Summer Centered: Isabel Clements '21 Defends Human Rights
The political science major is pushing for justice for medical facilities harmed in the Syrian conflict as an intern at Physicians for Human Rights.
For Isabel Clements ‘21, summer break is an opportunity to create a positive change in the world. Supported by the Center for Career and Professional Advising’s Liberal Arts in the Workplace Fund, the political science major is interning in New York City at Physicians for Human Rights (PHR), a non-governmental organization of health professionals dedicated to defending human rights across the globe.
“With the world falling apart around us, it is often hard to feel that we are investing our time in a productive way,” she said. “This summer, I felt obligated to contribute to an initiative towards good, however far-fetched or small-scale that ‘good’ was.”
Though PHR has a multitude of projects all over the planet, Clements’ work, as the organization’s Arabic-speaking investigations intern, pertains specifically to the injustices that are being carried out in the ongoing Syrian conflict.
“My research has focused on the targeting of medical facilities and personnel by the Asad regime, in tandem with Russian forces, in Syria,” she said. “My job, on a daily basis, is to find, confirm, and record attacks on medical facilities and personnel within these areas, using intricate research methods and field sources.”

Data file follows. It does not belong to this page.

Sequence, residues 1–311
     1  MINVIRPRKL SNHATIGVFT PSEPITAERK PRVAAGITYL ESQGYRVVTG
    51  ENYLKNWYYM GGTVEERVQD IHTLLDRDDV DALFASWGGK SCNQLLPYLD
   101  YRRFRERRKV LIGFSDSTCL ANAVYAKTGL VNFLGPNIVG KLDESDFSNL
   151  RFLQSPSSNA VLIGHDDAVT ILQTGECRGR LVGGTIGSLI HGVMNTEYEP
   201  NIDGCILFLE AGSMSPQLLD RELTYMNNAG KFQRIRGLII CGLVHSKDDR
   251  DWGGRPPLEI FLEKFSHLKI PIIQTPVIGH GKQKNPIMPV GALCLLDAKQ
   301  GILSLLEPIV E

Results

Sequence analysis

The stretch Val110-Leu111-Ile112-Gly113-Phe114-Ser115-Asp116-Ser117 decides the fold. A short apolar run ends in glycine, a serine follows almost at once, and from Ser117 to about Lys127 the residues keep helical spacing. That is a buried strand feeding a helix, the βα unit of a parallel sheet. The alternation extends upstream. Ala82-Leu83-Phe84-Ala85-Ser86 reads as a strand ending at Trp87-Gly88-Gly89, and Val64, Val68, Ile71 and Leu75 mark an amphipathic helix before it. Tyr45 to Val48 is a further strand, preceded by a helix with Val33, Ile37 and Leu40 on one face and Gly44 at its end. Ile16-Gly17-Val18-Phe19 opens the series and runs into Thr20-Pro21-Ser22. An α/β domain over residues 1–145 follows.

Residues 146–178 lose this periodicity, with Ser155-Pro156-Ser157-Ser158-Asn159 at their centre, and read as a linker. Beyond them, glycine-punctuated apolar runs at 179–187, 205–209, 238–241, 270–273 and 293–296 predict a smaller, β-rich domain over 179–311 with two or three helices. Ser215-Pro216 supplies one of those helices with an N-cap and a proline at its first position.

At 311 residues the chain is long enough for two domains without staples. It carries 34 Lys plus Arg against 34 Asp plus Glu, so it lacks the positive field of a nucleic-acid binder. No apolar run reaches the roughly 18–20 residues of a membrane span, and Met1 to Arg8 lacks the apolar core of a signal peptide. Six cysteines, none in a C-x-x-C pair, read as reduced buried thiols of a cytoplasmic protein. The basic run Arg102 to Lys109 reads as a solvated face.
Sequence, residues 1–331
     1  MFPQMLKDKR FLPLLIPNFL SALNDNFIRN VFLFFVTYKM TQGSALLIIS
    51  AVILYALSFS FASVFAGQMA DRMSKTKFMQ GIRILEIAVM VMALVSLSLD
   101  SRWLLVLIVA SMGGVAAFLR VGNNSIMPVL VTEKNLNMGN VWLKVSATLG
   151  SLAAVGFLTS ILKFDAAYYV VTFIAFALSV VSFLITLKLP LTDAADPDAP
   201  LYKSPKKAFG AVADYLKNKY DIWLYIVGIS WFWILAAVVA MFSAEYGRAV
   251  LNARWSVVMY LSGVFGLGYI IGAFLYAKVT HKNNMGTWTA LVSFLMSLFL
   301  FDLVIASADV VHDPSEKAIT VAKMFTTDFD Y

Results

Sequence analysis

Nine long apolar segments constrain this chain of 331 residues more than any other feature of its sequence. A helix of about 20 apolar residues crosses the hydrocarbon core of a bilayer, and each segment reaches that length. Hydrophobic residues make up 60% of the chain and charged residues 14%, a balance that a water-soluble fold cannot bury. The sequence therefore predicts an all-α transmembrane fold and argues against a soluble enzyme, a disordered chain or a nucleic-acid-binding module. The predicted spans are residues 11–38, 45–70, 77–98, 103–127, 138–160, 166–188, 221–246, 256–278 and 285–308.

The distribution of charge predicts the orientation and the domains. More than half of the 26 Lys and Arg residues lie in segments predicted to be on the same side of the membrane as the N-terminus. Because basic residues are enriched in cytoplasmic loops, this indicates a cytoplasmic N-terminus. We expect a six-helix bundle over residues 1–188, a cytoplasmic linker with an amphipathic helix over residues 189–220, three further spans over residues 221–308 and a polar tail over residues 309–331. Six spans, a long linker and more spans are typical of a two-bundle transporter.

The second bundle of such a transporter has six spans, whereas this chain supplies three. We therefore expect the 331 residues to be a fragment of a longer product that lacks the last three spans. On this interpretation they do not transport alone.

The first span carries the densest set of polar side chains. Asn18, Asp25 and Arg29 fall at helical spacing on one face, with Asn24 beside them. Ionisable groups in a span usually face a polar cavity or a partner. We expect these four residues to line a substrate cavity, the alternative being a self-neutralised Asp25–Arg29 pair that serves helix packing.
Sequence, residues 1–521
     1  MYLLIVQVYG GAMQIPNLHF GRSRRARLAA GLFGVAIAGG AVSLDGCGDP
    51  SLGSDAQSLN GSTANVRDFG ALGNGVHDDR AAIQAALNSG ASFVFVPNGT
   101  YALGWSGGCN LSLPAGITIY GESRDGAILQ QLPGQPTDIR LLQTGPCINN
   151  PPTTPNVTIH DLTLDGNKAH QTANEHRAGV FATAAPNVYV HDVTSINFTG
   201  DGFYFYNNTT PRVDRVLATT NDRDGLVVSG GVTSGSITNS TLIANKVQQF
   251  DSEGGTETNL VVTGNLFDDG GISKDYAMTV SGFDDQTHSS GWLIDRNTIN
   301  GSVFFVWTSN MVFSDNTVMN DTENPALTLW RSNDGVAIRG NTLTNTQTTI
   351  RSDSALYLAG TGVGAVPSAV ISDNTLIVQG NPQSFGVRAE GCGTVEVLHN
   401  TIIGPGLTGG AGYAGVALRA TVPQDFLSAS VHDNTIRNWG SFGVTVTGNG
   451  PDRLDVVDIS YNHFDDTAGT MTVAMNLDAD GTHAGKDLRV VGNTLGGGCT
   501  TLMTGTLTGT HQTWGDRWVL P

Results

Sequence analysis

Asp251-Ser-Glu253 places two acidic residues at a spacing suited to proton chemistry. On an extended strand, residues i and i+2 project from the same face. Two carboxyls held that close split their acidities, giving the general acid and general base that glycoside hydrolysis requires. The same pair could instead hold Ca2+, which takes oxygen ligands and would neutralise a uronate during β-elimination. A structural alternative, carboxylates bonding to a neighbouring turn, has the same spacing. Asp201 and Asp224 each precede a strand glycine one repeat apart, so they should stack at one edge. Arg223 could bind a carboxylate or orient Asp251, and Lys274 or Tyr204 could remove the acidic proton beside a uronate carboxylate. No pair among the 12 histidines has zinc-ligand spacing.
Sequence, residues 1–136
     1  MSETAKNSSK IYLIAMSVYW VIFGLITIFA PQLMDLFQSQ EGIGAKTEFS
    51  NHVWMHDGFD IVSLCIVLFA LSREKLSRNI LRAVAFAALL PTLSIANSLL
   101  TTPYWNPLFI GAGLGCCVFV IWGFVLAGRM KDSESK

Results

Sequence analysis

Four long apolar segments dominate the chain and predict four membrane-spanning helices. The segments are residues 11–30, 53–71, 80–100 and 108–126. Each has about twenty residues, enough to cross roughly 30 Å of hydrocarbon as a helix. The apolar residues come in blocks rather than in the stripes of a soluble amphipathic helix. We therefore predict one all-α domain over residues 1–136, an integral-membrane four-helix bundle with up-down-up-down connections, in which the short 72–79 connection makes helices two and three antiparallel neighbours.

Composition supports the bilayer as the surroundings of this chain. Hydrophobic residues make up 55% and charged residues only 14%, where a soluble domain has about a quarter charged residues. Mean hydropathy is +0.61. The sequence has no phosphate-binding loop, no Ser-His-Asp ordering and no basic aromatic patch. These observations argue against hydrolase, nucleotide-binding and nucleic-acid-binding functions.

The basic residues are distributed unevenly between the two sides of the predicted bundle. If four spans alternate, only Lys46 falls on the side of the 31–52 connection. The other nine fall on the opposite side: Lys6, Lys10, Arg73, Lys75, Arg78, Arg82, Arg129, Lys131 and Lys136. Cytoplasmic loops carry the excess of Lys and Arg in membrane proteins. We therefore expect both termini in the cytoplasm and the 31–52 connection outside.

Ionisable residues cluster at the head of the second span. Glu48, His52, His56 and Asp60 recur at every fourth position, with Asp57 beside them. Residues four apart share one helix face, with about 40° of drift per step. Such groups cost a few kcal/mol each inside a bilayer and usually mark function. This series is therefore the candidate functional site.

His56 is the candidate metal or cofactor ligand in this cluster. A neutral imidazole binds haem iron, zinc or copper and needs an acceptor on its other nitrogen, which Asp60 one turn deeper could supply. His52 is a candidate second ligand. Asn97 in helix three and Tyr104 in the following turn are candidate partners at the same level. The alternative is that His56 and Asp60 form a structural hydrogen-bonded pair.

Supplementing her daily research, Clements is also tasked with writing updates for PHR’s newsletter and organizing a report “on the discrepancies between Syrian law before and after the war.” With a minor in Arabic and a concentration in Middle Eastern studies, she feels that her coursework has prepared her perfectly for the job at hand.
“My particular grasp of vocabulary used in the context of war has allowed me to perform Arabic searches, or ‘news sweeps,’ in which I search for information on attacks on medical facilities, with ease and confidence,” she said. “My ‘Middle Eastern Politics’ class at Bryn Mawr familiarized me—politically, geographically, and culturally—with the regions I am working with.”
Rather than normalizing her to the atrocities she reports on, Clement’s studies and her work have allowed her to better grasp the totality of what she encounters.
“I can visualize the lives of people who live in these places,” she said. “Though this might not be helpful logistically, it adds a sense of realness and gravity to the work that I am doing.”
For Clements, the job strikes a delicate but necessary balance between a recognition of pressing issues and a hope for their resolution. Though the work is emotionally taxing, she finds it incredibly rewarding.
“I am so thankful to be in an environment where the events of the world are inherent to the work we do,” she reflected. “I am constantly immersed in the news, and in the lives of people in this country and across the world. Though this can be exhausting, I feel it is necessary as a humanitarian to be engaged with the world to the fullest extent.”
“Summer Centered” is a series exploring our students’ Center-funded summer work.